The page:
By Syed Aslam
Cumrun Vafa was born in Tehran, Iran in 1960 and graduated from Alborz Boys School. He came to the US in 1977 and completed his undergraduate degree from Massachusetts Institute of Technology with a major in physics and mathematics. He received his Ph.D. from Princeton University in 1985 under the supervision of Edward Witten. He then became a junior fellow at Harvard, where he later got a junior faculty position. In 1989 he was offered a senior faculty position, and he has been there ever since. Currently, he is the Donner Professor of Science at Harvard University.
Cumrun Vafaâ€™s primary area of research is string theory. String theory, a subject that is about four decades old, is at the center of efforts by theoretical physicists to find a unified fundamental theory of nature. String theory provides a framework to unify everything we know about nature, including all particles and the forces between them, in a consistent quantum theory. This is an ambitious goal, given that it aims to describe physical phenomena involving scales 1025times smaller than the atom, as well as the cosmology of our entire universe, which involves a scale of about 1037times bigger than the atom. In a single theory, one studies the mysteries of confinement of quarks inside atomic nuclei, as well as enigmatic properties of astrophysical objects such as black holes.
Such an all-encompassing theory necessarily requires a tremendous amount of mathematical skill. In fact, most of the mathematics needed for string theory is not even yet developed. String theorists thus have the exciting task of building new mathematics as tools to explore new laws of physics. It is therefore not surprising that string theory is at the cross roads of many fields, including mathematics, particle phenomenology and astrophysics. Cumrun Vafaâ€™s research has involved essentially all these aspects. Together with his colleagues he has worked on topological strings, trying to elucidate some new mathematics originating from string theory and using these techniques to uncover some of the mysteries of black holes, particularly the Bekenstein-Hawking entropy. He has also applied these ideas to particle theories by geometrically engineering quantum field theories, as well as solving the strong coupling dynamics of confining theories and geometrizing string theory defects. His recent work involves applying these ideas to come up with stringy predictions about what the Large Hadron Collider (LHC) located at Franco â€“ Swiss border may potentially discover in the near future.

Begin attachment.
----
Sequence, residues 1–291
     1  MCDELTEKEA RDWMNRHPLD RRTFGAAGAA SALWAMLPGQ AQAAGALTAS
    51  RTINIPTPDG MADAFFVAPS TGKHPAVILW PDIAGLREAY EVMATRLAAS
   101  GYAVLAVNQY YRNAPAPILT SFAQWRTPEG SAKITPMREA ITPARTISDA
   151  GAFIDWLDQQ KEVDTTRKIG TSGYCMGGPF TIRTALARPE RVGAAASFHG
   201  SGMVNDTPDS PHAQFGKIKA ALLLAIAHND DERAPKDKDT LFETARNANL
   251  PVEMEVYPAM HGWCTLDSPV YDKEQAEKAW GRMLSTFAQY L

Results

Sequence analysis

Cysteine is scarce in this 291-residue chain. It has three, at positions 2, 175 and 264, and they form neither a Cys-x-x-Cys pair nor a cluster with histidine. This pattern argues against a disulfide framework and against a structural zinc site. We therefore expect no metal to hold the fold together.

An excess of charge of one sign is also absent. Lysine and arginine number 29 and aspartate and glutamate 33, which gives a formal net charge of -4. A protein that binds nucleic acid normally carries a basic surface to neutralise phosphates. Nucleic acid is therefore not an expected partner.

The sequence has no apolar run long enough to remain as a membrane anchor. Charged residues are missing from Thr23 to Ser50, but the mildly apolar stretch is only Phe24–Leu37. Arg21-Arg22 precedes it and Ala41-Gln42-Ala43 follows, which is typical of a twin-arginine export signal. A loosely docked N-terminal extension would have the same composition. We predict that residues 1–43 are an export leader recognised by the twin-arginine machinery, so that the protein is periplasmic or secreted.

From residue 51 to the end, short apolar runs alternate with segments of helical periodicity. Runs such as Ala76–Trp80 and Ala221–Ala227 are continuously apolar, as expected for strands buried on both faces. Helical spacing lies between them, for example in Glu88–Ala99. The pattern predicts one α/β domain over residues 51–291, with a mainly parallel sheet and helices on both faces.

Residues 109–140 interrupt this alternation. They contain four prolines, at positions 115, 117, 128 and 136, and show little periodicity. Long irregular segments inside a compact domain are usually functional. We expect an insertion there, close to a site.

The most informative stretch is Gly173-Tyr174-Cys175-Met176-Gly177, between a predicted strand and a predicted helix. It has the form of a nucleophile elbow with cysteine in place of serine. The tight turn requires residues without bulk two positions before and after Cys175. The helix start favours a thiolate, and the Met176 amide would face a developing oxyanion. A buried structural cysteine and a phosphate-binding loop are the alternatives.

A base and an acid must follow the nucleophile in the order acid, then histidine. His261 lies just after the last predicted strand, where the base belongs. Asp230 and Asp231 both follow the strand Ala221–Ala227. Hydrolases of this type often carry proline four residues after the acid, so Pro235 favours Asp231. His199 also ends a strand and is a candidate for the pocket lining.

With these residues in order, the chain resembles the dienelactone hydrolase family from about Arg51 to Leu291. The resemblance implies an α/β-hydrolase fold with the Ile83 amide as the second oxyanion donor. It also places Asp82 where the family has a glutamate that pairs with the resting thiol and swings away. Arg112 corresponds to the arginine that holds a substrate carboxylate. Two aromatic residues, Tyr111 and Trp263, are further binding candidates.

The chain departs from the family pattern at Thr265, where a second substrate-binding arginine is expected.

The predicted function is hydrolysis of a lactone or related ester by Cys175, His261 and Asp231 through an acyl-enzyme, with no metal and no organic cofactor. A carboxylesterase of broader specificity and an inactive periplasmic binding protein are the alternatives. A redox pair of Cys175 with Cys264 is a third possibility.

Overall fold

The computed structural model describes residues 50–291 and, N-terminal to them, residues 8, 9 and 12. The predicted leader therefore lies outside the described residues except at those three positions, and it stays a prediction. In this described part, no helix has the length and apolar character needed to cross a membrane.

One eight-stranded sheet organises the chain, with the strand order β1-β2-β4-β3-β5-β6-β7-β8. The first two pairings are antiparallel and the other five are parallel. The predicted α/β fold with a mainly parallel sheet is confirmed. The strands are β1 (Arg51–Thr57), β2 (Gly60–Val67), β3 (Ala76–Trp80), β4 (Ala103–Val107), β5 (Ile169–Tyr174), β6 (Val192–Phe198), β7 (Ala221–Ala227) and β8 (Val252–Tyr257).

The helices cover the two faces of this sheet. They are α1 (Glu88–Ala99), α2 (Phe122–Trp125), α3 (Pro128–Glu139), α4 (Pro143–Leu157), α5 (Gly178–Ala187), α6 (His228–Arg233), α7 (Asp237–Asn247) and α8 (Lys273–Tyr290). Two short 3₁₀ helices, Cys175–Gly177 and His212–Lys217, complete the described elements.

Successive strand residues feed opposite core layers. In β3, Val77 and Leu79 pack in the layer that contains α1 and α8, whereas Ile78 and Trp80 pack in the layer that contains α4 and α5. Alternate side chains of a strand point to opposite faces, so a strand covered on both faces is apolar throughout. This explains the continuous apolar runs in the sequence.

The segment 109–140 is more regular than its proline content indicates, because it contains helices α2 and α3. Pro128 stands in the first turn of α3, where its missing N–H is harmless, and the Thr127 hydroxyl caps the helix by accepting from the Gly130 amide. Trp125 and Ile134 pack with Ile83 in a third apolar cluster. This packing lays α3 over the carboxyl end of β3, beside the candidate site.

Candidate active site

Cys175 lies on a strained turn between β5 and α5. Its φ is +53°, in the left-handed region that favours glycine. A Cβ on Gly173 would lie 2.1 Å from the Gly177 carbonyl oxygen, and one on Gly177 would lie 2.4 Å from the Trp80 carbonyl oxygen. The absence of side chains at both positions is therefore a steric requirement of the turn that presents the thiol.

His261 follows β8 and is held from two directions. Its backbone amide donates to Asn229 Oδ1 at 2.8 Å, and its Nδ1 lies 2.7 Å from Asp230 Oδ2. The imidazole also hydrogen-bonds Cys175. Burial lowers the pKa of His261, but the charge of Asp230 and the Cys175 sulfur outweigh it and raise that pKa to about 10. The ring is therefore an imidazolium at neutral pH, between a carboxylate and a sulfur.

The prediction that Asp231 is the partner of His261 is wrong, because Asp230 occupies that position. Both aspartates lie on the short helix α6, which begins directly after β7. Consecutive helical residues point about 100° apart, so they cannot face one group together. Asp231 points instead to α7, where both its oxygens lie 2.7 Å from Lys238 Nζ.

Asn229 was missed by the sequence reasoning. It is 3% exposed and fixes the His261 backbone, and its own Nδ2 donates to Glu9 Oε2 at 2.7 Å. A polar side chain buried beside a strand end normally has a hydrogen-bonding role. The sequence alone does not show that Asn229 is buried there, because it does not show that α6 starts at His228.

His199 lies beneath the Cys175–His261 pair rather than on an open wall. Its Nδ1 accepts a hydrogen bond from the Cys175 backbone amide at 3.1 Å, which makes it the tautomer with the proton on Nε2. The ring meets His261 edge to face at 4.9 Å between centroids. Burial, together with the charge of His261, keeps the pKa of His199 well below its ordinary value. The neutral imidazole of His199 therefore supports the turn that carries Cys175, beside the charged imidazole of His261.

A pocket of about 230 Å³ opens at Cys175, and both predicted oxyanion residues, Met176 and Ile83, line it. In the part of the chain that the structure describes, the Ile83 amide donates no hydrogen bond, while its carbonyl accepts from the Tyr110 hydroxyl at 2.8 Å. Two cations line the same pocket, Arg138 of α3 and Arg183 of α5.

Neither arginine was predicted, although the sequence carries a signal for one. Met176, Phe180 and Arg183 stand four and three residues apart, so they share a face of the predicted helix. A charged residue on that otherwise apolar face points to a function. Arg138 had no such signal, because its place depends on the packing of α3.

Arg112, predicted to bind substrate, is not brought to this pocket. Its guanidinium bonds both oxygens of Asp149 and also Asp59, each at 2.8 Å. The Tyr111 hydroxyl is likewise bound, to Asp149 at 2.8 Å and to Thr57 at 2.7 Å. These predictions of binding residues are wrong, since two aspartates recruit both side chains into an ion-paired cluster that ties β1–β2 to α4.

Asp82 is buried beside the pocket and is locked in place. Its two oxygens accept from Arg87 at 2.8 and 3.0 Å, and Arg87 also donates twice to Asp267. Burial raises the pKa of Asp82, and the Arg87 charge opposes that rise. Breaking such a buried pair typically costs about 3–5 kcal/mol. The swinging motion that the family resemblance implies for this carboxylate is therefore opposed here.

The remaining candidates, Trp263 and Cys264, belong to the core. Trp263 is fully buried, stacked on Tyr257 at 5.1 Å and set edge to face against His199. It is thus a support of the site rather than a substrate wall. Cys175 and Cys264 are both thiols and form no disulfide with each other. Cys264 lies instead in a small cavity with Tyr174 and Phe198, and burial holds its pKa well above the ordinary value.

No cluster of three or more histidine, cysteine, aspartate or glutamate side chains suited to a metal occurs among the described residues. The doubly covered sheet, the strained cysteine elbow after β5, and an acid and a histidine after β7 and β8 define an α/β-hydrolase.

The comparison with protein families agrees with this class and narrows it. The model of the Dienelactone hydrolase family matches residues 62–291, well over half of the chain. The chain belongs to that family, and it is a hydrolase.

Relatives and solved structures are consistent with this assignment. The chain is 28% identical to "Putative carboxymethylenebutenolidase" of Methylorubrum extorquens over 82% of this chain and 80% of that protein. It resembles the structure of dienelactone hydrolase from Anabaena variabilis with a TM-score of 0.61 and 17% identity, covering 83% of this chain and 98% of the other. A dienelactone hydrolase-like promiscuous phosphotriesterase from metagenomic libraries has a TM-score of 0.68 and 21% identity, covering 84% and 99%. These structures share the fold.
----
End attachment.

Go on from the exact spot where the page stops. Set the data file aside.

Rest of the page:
Dr. Cumrun Vafa, was elected as a new member of The National Academy of Sciences on April 28, 2009. Members are elected in recognition of their distinguished and continuing achievements in original research.